PDF icon CCAST 1-pager August 2018.pdf, PDF icon An Ecosystem Framework for Collaborative Conservation in the Coachella Valley of California.pdf, PDF icon Assessing Hydrologic Effects of Erosion Control Structures at Babacomari Ranch.pdf, PDF icon Assessing the Impacts of Brush Management on Herbaceous Plant Diversity and Forage Production in Southern Arizona Grasslands.pdf, PDF icon Beat Back Buffelgrass_Trans-Jurisdictional, Volunteer-Driven Invasive Species Treatment.pdf, PDF icon Bosque Ecosystem Monitoring Program.pdf, PDF icon Brush Treatment for Grassland Restoration as Part of an Adaptive Management Framework in the Cienega Creek Watershed.pdf, PDF icon Camera-Based Monitoring of the New Mexico Meadow Jumping Mouse at Bosque del Apache National Wildlife Refuge.pdf, PDF icon Cienega Watershed Erosion Management & Restoration Plan.pdf, PDF icon Climate and Land Cover Change Ecosystem Services Analysis_The Santa Cruz Watershed Ecosystem Portfolio Model.pdf, PDF icon Collaborative Restoration Partnerships in the Colorado River Basin.pdf, PDF icon Creating Refuge for Mohave Tui Chub at Mojave National Preserve .pdf, PDF icon Cuenca de los Ojos_Three Decades of Restoring Water Flows on Private Land in the U.S. and Mexico.pdf, PDF icon Desert Tortoise Habitat Restoration Methods for the Eastern Mojave.pdf, PDF icon Determining Prescribed Fire Compatibility with Masked Bobwhite Quail Habiat Rehabilitation.pdf, PDF icon Developing and Diversifying Funding for Riparian Restoration in the Southwest.pdf, PDF icon Dolores River Restoration Partnership A Public-Private Collaborative for Riparian Restoration.pdf, PDF icon Employing Youth in Conservation at Borderlands Earth Care Youth Institute.pdf, PDF icon Flagstaff Watershed Protection Project_A Federal-Municipal Partnership to Reduce Fire Severity and Post-Fire Flooding.pdf, PDF icon Fire Management Practices in the Saguaro Wilderness Area and the Gila-Aldo Leopold Wilderness Complex.pdf, PDF icon Gila Watershed Partnership_Restoration to Mitigate Tamarisk Beetle Impacts.pdf, PDF icon Green River Basin Landscape Conservation Design Project.pdf, PDF icon Habitat Restoration for Native Salmonid Conservation in the Lower American River of California.pdf, PDF icon Habitat Restoration within the Middle Rio Grande of New Mexico.pdf, PDF icon Helping Pollinators Adapt to Climate Change.pdf, PDF icon Herbicide Treatment of Western Honey Mesquite in Texas Grasslands.pdf, PDF icon Irrigation of Riparian Habitat Restoration along the Rio Grande Canalization Project_final.pdf, PDF icon Kino Environmental Restoration Project_Stormwater Capture to Support Urban Ecosystems.pdf, PDF icon Landscape-Scale Monitoring of the Tamarisk Leaf Beetle.pdf, PDF icon Madrean Archipelago Plant Propagation Initiative_Implementing the National Seed Strategy on a Regional Scale.pdf, PDF icon Mapping Distribution and Ecological Condition of Sacaton Grasslands in Upper Cienega Creek_final.pdf, PDF icon Modeling Forest Thinning Effects on Water Yield for the Four Forest Restoration Initiative.pdf, PDF icon Mojave Desert Native Plant Program_final.pdf, PDF icon Native Grass Hay Production for Multiple Benefits at the Cobra Ranch.pdf, PDF icon Native Paiute Cutthroat Trout Restoration in Silver King Creek.pdf, PDF icon Oracle Road Wildlife Crossings Promoting Habitat Connectivity_final.pdf, PDF icon Over 30 Years of Brush Management on the Elkhorn Ranch.pdf, PDF icon Plant and Topsoil Salvage for Revegetation in Lake Mead National Recreation Area.pdf, PDF icon Post-Fire Watershed Restoration and Monitoring in the Chiricahua Mountains of Arizona.pdf, PDF icon Prescribed Burns for Grassland Management at the Sevilleta National Wildlife Refuge.pdf, PDF icon Pronghorn-Friendly Fence Modifications in West Texas Grasslands.pdf, PDF icon Quantifying the Value of Ecosystem Services in Lower Sabino Creek.pdf, PDF icon Remote Sensing to Improve Detection and Treatment of Invasive Buffelgrass_final.pdf, PDF icon Research and Collaboration to Improve Amargosa Vole Conservation in the Lower Amargosa River.pdf, PDF icon Restoration of Riparian Trees and Shrubs on the Rio Grande Canalization Project.pdf, PDF icon Restoring Leopard Frog Habitat in Cienega Creek, Arizona.pdf, PDF icon Rio Grande Water Transfer Program_Providing Water for Restoration_final.pdf, PDF icon Riparian Habitat Protection and Restoration Through Compensatory Mitigation in Pima County, Arizona.pdf, PDF icon Riparian Woodland and Grassland Restoration to Increase Resilience to Drought.pdf, PDF icon Rotational Cattle Grazing to Restore Degraded Chihuahuan Desert Grasslands.pdf, PDF icon Shallow Groundwater in the Colorado River Delta_Modeling Susceptibility and Management Options.pdf, PDF icon Springs Inventory, Assessment, and Management Planning in the Sky Islands.pdf, PDF icon Strategic Upland Conservation Easements to Support Leslie Canyon National Wildlife Refuge.pdf, PDF icon Treatment of Non-Native Lovegrasses at Appleton-Whittell Research Ranch.pdf, PDF icon Tracking Tagged Bull Trout to Measure Reservoir Operation Impacts.pdf, PDF icon US Highway 93 Wildlife Overpasses_Promoting Highway Permeability and Safety for Desert Bighorn Sheep.pdf, PDF icon Using a Mobile App and Remote Sensing to Map, Monitor, and Control Invasive Plants.pdf, PDF icon Valle de Oro National Wildlife Refuge_An Urban Wildlife Refuge.pdf, PDF icon Velvet Mesquite Thinning to Improve Riparian Forests along the San Pedro River.pdf, PDF icon Vulnerability Asessements to Inform Landscape-Scale Management in the Southern Rockies.pdf, PDF icon Water Resources Management Planning_A Demonstration on the Upper Gila River.pdf, PDF icon Water Transactions to Support Riparian Ecosystems in the Isleta Reach of the Middle Rio Grande.pdf, PDF icon Wildlife Corridors LLC_Preserving and Restoring Critical Habitat Linkages in the US-Mexico Borderlands.pdf, PDF icon Wildlife-Friendly Solar Energy in the Mojave Desert.pdf, PDF icon Habitat Restoration for Native Salmonid Conservation in the Lower American River of California.pdf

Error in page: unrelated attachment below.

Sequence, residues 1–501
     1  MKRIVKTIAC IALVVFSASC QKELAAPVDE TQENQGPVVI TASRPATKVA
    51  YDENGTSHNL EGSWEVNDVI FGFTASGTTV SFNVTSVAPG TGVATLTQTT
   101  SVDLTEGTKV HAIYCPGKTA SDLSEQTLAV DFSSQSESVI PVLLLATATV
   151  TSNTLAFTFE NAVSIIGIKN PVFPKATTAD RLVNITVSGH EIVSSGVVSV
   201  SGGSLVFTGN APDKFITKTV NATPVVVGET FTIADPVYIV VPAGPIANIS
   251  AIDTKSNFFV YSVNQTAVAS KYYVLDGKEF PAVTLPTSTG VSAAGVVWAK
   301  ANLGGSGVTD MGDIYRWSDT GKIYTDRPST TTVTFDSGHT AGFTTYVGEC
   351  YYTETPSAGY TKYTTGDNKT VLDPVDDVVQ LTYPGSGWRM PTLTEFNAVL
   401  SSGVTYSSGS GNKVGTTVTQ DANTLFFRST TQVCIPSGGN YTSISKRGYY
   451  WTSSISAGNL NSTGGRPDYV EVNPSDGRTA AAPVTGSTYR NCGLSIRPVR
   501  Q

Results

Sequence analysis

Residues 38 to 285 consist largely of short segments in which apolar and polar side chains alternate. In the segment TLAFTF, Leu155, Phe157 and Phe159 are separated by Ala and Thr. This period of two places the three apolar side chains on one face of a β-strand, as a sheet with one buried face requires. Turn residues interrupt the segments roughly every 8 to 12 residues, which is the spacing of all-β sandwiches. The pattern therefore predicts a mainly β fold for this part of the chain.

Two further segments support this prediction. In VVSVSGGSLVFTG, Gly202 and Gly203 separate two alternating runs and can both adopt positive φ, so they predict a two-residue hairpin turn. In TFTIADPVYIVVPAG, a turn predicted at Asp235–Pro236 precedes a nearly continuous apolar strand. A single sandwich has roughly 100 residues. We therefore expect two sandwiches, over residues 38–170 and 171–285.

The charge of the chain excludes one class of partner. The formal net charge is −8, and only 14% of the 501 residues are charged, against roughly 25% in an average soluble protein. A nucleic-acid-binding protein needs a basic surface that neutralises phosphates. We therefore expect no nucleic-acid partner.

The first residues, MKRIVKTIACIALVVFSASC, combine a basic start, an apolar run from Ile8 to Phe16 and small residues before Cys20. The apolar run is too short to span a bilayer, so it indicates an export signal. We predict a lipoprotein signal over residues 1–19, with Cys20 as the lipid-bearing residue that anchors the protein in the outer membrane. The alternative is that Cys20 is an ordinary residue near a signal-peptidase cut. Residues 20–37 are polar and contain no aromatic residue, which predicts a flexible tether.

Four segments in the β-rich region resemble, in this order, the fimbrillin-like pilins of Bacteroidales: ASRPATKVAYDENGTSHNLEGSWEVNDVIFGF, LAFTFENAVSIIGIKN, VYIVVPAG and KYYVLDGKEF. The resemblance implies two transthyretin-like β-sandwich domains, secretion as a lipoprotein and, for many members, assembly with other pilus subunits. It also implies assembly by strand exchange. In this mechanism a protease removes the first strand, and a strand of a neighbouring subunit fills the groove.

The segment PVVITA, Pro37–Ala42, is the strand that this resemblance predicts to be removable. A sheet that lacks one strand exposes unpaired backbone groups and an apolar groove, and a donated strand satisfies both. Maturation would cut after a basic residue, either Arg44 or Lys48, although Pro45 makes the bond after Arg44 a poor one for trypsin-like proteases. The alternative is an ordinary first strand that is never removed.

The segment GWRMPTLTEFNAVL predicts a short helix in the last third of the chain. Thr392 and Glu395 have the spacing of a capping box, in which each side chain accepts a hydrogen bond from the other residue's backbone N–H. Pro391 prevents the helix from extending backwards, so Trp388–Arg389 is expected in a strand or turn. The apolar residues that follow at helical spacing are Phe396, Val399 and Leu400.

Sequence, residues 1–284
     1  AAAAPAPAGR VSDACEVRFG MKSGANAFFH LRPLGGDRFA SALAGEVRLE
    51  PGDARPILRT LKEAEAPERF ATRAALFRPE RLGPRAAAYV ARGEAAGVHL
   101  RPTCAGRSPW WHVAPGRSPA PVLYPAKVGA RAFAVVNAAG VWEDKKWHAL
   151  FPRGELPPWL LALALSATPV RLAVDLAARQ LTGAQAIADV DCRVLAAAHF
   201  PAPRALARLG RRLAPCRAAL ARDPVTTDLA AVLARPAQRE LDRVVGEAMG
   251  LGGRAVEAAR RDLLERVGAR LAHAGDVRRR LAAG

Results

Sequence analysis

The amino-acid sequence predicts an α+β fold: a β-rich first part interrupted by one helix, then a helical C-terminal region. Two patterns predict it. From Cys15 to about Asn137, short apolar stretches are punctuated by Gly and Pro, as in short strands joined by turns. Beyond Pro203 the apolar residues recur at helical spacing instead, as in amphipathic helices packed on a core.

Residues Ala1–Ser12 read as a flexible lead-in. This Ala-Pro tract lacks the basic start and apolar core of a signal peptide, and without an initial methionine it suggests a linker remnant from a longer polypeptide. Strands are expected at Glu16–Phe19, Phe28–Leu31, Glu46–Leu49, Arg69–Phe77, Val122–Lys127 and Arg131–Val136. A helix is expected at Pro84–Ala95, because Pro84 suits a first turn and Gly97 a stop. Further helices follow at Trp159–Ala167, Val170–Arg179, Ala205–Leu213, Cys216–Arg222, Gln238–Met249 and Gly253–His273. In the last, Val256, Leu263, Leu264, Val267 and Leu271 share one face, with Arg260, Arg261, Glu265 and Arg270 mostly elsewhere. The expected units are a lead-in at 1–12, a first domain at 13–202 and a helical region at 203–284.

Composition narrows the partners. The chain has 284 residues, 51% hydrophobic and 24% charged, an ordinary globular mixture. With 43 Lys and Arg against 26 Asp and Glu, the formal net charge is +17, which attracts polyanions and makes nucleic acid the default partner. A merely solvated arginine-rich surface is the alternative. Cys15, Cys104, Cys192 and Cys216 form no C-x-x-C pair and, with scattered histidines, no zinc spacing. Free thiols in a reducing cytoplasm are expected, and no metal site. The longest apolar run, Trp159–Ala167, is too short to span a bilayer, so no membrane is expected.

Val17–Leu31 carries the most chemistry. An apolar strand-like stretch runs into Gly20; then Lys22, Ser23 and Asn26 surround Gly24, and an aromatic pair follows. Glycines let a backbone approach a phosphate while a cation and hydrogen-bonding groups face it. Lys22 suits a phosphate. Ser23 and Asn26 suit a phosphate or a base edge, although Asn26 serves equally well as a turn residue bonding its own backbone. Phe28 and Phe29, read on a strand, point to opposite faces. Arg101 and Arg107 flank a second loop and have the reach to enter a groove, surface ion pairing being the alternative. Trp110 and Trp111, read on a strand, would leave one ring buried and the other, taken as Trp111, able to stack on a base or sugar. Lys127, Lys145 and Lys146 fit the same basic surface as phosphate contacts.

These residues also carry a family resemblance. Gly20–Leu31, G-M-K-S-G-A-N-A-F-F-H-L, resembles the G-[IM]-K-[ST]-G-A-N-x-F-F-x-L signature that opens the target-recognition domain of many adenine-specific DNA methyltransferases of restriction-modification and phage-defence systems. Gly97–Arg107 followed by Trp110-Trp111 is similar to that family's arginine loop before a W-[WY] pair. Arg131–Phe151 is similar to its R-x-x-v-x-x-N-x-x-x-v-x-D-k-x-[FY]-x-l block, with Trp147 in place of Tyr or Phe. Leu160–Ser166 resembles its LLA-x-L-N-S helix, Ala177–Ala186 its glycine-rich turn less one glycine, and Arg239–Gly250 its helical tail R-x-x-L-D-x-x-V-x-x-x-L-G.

Date posted: February 20, 2018